In the wake of the death of George Floyd—the spark that ignited the Black Lives Matter movement, Amanda felt compelled to act. From that tragedy, Amanda saw the power of the moment that could be harnessed for a positive change. Upon hearing of local protests in Corsicana, she went out to support the activists that were calling for change. She explained that she took great care to keep her personal activities separate from her work. “Of course, we were working, so we waited until the end of the day and I remember people all over town were like ‘they’re going to demonstrate”. They were afraid that they’re going to riot.” Amanda ignored the doomsayers for their unfounded fears and made signs to join the protestors.
Her peaceful demonstration in support of Black Lives Matter went over without incident and it even garnered some support from local passersby as it occurred. However, her actions were later not well received by Chief of Police Robert Johnson, who was also Red Stone’s writer and producer. Johnson reportedly took great offense to the protest and admonished Amanda with what devolved into “very racist rhetoric”. The argument was heated. Amanda recalled that after the conversation ended, “I got a call about 15 minutes later from another producer on the [film] and I learned that he had canceled the entire production.”
Due to Johnson’s position as the town’s police chief, several factors conspired to the point where continuing the production wouldn’t be possible without his connections and cooperation. But canceling was not an option for Amanda. Canceling Red Stone would have had huge economic impacts—not only for the cast and crew but also the broader local community in which the movie was being filmed. Knowing full well she did nothing wrong, Amanda decided to fall on the grenade by resigning from the production in order for it to continue on.
While Amanda was already committed to speaking out for justice and equality, the wrongs she faced in Corsicana only served to steel her convictions. Out of work, she headed home to San Antonio, where she said she started marching in protests and became more involved after gaining the time and freedom to do so, not to mention the motivation from experiencing injustice firsthand. She didn’t stop demonstrating. Together with friends in a group called Young Ambitious Activists, she committed herself to give back to her community and turning her lens towards activists fighting for change.
From Rigging Grip to Key Grip on Set of Love and Death
In recent years, Amanda’s hard work and dedication in the face of adversity have been paying off in spades. In 2021, she paid her dues as a Key Set Production Assistant on Plus/Minus which allowed her to to be eligible to join the Directors Guild of America (DAG). From there she parlayed that experience into a job as a rigging grip on HBO’s Love and Death—Amanda’s biggest production to date. The series will feature some serious talent: Elizabeth Olsen, Patrick Fugit, Jesse Plemons, and Krysten Ritter.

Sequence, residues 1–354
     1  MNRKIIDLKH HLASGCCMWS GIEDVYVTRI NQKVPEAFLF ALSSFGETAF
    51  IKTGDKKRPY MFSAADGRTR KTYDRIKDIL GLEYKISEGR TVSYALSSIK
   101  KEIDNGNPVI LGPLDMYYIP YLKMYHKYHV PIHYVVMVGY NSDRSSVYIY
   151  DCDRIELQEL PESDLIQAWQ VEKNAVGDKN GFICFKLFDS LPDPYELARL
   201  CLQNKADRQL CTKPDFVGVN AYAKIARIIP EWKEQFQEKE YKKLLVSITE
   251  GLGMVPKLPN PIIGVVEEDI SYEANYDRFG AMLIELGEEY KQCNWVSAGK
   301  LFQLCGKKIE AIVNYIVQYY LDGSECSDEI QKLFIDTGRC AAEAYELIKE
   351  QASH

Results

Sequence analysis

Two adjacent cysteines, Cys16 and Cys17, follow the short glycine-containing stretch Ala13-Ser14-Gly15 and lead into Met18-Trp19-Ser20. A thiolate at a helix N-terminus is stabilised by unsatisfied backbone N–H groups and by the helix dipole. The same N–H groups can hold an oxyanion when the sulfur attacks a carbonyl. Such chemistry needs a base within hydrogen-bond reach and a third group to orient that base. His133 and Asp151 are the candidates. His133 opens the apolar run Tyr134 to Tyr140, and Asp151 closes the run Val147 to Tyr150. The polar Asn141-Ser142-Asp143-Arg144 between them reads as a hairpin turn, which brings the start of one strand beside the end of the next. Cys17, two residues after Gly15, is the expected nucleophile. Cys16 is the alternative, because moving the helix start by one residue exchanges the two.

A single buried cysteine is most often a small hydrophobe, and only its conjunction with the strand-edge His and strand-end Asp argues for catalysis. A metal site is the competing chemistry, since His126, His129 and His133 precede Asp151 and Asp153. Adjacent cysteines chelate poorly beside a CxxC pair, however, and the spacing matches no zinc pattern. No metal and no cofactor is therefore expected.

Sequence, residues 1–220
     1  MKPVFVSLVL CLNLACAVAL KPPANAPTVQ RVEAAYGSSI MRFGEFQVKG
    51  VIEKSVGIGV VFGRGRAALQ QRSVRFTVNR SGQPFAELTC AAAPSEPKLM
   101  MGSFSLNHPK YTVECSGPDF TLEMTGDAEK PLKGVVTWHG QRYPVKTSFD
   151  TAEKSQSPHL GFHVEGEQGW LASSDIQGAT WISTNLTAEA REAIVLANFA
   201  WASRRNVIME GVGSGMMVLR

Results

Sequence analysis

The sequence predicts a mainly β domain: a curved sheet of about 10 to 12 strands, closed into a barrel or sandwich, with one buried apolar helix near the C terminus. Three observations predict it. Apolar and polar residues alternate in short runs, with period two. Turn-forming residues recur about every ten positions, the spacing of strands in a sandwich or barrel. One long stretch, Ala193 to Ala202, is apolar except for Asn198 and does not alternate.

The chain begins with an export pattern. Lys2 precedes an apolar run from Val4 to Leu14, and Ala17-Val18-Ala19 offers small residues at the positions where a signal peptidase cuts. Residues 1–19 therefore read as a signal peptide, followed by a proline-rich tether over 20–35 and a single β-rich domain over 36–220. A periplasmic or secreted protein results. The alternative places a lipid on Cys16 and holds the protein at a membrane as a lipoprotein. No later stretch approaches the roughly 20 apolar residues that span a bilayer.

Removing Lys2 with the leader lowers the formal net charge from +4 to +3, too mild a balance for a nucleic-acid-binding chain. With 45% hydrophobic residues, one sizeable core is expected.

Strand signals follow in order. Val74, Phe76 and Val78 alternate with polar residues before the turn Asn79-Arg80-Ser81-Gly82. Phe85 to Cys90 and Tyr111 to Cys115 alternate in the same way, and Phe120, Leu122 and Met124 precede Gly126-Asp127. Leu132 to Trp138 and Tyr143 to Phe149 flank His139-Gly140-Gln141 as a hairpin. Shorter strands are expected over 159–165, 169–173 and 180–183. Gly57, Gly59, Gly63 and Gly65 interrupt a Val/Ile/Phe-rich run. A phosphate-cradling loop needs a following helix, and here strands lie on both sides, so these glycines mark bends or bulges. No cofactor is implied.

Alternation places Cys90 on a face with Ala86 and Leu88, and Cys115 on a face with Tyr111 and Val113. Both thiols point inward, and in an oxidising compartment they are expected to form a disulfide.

Love and Death is a true crime series based on real-life events that occurred in Texas in 1980. True to the story’s Texas roots, HBO set up production in Austin and the surrounding area. Amanda was just one of the many locals brought in to work on the show. She estimated that HBO drew about 80% of the production’s talent from the local population, but recruiting for it wasn’t so easy. “With COVID-19 restrictions in place, it was crazy in town. I mean at the beginning of the show we had… I want to say we were filming four shows simultaneously. I think it was us, Walker, I think Cruel Summer was filming at the same time, and then Fear the Walking Dead and I think 1883 in Dallas. So maybe five shows at one time plus a feature film that Robert Rodriguez was doing. So, I mean we were really scrapping for labor there for a minute just because between all the shows and all the films there was also the commercial world that’s also being inundated with all these.”
Having built a reputation for herself, Amanda was approached to be a shooting grip for Love and Death. However, she started out as a rigging grip helping to get things set up in the first week of production. Her prior work on Plus/Minus and doing commercials gave her the experience she needed to step up to the role of best gal grip. “I understand logistics and I’m very good at that [the key grip] felt confident putting me in that role. But I had never been best boy grip on any show, it’s a pretty serious promotion. I mean most of the best boys in town have been doing this job for over ten-plus years so I really lucked out in that way. I wasn’t anybody’s first pick, but there was just nobody able to come in and do that role, so it was just kind of like a field promotion.”
Maintaining Work/Life Balance on Set
The cast and crew of Love and Death worked tirelessly on the production for five days a week across nearly nine months. The days were long, often hitting the 10 to 12-hour mark. If you also factor in the two to four-hour round-trip commute for the San Antonio-based crew to get to Austin and the surrounding areas, there is barely enough time to sleep at the end of the day.